Friday, 25 February 2011

The new class system: the "knows and know-nots"

I am starting to think that our relationships with technology may well begin to re-draw class boundaries and put in place a "politics of technology".

Smart users of smart devices are accessing all kinds of valuable services that those not on smart devices cannot access or do not want. The irony is that it might be those who cannot afford an iPhone who would most value a 2 for 1 pizza deal on a week night, a free cinema ticket or 10% off high street brands.

If there aren't the right levels of education across the customer base then we could see a class system not of ‘haves and have-nots’ but of ‘knows and know-nots’….which inevitably does lead to a separation between the 'haves and have-nots'

And that makes for friction rather than harmony within society. Not only do those who aren’t ‘smart’ with technology not get the best value; they don’t get a vote. As social media grows and participation in the political and social debates gets more voluble, there could develop a class of technologically-inequipped people who have no voice – or certainly can only whisper when it comes to having their say.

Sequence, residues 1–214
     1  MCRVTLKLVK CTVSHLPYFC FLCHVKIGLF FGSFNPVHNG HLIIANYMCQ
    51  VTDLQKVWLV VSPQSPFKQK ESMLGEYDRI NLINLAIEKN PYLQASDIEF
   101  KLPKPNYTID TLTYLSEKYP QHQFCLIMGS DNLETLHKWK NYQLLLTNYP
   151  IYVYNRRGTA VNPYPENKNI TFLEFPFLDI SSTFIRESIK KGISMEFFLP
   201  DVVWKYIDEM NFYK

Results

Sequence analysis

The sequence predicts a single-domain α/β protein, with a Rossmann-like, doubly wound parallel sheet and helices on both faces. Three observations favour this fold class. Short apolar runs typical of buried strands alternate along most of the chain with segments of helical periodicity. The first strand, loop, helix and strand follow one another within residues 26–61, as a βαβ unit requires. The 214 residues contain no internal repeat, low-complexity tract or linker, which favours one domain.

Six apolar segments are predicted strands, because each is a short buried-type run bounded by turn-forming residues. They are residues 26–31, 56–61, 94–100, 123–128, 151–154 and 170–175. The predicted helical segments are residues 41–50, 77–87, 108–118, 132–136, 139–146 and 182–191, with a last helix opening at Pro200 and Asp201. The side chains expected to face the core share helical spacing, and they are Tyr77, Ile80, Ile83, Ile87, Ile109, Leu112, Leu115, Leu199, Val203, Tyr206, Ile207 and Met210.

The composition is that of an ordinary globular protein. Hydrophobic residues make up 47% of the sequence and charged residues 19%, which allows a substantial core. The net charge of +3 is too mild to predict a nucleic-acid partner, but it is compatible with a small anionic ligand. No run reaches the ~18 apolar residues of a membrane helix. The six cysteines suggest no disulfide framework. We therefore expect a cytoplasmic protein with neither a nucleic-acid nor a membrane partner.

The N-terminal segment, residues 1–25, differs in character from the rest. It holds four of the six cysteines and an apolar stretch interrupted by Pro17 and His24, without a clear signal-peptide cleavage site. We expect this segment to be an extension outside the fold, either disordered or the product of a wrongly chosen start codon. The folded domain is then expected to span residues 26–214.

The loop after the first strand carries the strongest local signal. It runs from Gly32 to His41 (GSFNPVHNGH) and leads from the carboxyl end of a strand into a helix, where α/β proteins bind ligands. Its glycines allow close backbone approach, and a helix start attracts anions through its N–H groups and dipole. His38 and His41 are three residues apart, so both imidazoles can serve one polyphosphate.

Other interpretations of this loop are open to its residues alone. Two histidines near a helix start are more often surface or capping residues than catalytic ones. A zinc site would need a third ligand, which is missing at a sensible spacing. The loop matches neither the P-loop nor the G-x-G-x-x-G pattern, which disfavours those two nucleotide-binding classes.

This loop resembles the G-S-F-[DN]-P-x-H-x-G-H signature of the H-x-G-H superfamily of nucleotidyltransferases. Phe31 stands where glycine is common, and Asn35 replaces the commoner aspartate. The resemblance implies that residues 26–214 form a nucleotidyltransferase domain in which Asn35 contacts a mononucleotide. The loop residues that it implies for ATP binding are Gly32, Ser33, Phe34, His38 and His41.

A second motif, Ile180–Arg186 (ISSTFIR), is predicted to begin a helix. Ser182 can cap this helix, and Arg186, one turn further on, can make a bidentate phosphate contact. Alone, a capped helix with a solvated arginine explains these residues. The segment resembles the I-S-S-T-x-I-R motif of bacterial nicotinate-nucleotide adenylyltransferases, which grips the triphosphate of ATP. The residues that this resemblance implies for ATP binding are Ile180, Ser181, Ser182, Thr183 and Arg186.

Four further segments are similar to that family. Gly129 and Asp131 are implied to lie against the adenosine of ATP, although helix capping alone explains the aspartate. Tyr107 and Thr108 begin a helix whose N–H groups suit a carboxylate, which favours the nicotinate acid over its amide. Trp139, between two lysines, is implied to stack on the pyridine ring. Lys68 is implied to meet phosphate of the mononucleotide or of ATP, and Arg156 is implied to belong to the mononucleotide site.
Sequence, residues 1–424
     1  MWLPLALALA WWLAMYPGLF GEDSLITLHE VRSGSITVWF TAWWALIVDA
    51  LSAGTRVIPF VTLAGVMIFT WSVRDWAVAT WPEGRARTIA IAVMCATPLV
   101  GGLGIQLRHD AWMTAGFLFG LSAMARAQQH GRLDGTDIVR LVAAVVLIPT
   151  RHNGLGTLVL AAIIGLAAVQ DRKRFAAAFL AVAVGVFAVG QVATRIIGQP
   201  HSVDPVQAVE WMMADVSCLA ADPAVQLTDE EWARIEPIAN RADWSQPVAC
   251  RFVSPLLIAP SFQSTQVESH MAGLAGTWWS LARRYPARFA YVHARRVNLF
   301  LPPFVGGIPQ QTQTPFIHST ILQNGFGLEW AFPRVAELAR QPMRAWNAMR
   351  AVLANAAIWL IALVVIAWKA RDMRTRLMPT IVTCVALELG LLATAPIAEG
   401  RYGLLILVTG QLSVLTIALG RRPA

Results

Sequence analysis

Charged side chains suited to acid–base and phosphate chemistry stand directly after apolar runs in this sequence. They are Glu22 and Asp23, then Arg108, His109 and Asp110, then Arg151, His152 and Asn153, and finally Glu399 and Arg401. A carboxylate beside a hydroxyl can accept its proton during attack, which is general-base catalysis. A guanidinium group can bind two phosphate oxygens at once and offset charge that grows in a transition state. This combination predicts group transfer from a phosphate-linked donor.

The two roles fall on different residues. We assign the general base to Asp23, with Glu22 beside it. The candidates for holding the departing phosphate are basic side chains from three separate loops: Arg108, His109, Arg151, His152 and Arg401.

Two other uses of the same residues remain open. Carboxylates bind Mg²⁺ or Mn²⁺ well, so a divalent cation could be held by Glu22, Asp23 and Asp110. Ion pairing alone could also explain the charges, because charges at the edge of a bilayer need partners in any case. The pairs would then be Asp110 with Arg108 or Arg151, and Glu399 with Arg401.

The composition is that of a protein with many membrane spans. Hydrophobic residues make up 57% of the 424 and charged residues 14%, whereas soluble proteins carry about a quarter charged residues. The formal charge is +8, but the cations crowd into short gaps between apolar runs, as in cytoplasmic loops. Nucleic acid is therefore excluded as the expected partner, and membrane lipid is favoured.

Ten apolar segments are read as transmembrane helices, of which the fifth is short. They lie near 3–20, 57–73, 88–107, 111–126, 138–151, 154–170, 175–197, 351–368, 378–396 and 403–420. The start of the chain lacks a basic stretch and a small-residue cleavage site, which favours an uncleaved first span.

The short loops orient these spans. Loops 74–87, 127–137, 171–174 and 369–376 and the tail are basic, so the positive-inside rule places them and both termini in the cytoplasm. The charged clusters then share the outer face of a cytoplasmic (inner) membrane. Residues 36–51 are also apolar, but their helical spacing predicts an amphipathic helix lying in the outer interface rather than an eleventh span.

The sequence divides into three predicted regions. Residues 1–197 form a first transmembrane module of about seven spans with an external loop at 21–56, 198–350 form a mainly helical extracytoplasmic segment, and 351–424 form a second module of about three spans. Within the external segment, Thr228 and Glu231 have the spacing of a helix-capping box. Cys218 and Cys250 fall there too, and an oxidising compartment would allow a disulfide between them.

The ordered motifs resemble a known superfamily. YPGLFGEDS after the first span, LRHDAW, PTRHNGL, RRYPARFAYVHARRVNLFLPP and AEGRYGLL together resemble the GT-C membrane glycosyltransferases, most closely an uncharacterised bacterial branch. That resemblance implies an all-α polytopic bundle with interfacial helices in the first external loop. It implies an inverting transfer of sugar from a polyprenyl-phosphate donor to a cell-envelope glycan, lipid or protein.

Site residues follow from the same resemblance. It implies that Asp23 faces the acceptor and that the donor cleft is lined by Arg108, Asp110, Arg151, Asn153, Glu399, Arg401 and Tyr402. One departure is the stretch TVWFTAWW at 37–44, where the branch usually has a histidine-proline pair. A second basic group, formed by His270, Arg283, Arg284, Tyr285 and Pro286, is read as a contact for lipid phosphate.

Services that help educate customers in technology are incredibly important in order to share skills and knowledge more widely. One reason why they shouldn’t become a paid for service. The most generous gesture a brand can offer in the emerging world is to offer learning, share knowledge and help transfer skills between people. Otherwise we will be creating a class of people who might be referred to as the informed and therefore 'Influential Elite".

More to come on this I hope, as I think it will be a defining feature of the next few years; whether in mobile; cloud computing, or TV, there will be those who 'know-how' and those who 'know-not' - two classes of people enjoying different levels of access, value and rewards in the post-digital age.

Tweets are news

On twitter, I'm starting to think of it much less as a social medium and much more as a real-time news channel.

When the quake hit NZ I found out on twitter a full hour before the BBC News channel announced 'breaking news'... Moreover, the best way brands have found to use it to date is through time-sensitive promotions, and news about offers.

Equally, consumers seem to be using it for communicating news back to brands about their experiences with their product or service, good or bad.

Of course mostly it's used as self promotion so it feels like twitter is turning into just a set of 'news headlines' - 'a bulletin board for brands' - (whether a corporate brand or your own personal brand) rather than a truly space for groups of people to discuss. In other words a two way news channel which inevitably becomes a sales channel. Interesting.

Tuesday, 22 February 2011

The Value of Aesthetics